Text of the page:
A decade ago, I vividly remember having a conversation with my two youngest daughters, adolescents at the time, to properly explain a phrase they’d seldom heard around our home. Truthfully, they had so rarely heard this word that when my wife or I dared utter it, they’d think life itself was crashing down around them. 

During my 22 minute, uh, lecture, I clearly knew I was the one to blame for needing to pause our lives to revisit this very important expression. After all, when I was a teen, my mother exclaimed this distinct determiner to my sisters and I so often, whenever we asked for something -or- to go somewhere that when she answered otherwise we would immediately ask again, just to make sure she had meant what she said! 

Additionally, I confess that I failed here in my business, church and other vital relationships. As a chronic ‘people pleaser;’ not wanting to disappoint or make people feel rejected, hurt or that I would be “left out” of a great opportunity, I would sacrifice what was best for my family, my project or myself in order to engage in the less important emotions of making someone else feel better. 

Moreover, to pacify my reasoning to never pass up a good thing, I effectively ruined what would’ve been best for everyone involved…my not participating at all. Equally, my inability to enunciate this simple little protestation at the right moment became the very reason several imperative projects remain incomplete. To This Day.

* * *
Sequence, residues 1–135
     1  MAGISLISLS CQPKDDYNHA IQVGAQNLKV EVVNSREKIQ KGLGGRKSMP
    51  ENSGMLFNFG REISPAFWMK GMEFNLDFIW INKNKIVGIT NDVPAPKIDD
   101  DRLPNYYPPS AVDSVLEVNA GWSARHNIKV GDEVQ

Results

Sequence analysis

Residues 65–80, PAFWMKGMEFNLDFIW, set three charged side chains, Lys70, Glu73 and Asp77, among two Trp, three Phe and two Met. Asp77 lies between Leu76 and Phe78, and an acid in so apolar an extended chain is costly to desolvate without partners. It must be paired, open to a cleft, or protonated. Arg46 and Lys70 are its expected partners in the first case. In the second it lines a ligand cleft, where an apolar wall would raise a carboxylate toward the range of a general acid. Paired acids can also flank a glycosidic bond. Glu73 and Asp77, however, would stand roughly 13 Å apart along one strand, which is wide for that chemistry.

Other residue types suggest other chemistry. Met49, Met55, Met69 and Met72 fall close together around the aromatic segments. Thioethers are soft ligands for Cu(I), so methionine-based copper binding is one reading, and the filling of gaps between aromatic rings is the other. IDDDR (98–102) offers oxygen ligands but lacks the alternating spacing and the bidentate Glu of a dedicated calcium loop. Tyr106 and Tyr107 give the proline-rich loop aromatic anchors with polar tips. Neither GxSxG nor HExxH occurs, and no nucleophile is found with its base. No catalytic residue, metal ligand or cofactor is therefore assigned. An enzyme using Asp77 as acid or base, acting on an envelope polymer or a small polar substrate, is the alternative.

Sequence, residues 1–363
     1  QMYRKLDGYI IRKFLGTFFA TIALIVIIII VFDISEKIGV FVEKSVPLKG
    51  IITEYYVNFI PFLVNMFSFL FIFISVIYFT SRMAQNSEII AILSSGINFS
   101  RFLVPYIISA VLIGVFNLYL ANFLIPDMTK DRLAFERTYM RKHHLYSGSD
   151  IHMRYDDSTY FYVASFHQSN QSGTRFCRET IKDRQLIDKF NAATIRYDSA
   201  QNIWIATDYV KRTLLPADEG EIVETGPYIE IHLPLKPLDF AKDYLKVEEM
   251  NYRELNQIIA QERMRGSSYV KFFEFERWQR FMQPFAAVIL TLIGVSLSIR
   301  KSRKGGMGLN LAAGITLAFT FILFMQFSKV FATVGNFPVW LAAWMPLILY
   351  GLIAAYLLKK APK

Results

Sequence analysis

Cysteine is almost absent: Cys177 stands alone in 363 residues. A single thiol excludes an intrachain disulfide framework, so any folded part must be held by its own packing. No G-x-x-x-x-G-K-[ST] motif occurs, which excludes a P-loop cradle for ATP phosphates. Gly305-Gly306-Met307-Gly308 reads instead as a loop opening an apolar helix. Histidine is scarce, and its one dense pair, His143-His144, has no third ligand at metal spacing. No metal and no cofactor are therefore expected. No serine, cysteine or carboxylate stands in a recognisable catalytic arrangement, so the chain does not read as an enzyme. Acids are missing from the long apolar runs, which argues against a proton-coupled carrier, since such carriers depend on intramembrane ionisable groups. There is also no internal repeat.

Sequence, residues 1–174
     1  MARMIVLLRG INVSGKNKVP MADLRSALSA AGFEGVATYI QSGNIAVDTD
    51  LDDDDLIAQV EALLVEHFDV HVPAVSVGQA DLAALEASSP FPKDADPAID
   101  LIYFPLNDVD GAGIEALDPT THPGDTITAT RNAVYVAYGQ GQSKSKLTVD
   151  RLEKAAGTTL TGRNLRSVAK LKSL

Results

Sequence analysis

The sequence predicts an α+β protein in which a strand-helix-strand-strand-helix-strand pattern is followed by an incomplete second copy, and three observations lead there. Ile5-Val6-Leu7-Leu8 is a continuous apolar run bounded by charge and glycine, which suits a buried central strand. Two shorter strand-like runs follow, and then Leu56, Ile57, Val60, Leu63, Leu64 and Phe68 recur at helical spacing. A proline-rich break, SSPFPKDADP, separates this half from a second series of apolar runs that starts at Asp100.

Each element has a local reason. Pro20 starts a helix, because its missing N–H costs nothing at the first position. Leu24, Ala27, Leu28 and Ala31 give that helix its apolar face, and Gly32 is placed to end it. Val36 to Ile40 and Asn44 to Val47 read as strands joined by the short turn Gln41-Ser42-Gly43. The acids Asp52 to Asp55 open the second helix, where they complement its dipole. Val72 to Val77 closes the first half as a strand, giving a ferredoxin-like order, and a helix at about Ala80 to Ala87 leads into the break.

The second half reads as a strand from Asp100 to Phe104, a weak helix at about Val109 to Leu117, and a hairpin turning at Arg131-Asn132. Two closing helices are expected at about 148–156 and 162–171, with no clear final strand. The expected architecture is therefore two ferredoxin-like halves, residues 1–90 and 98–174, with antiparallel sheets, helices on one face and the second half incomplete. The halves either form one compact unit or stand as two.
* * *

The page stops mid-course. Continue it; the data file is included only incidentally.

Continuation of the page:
An Uncomplicated Declaration. Easy to Pronounce. Warm to the Touch. Light and Thin and Airy… 

When I have mustered the courage to whisper it, my fears of rejection or the complete breakdown of congruence proved grossly unfounded. The other person’s train continued to run on schedule and I was free to concentrate on what truly mattered. 

EntreMusicians would do well to reconsider, revisit and reevaluate the notion of this very special term so neglected in our vocabularies. When appropriately implemented, this two lettered, one syllable remark can bring peace to a home, calmness to a heart and help your teen daughters (or business or church) to understand that your opposing decision is not because you’re angry or mean, but that you’re committed to living a intentional, purposed filled life which, at least for the moment, will not accommodate their requests. 

Once so properly stated, you’ll find it best for all concerned, especially your children. 

I was listening to Bobby McFerren’s “Spirityouall” while composing this post.

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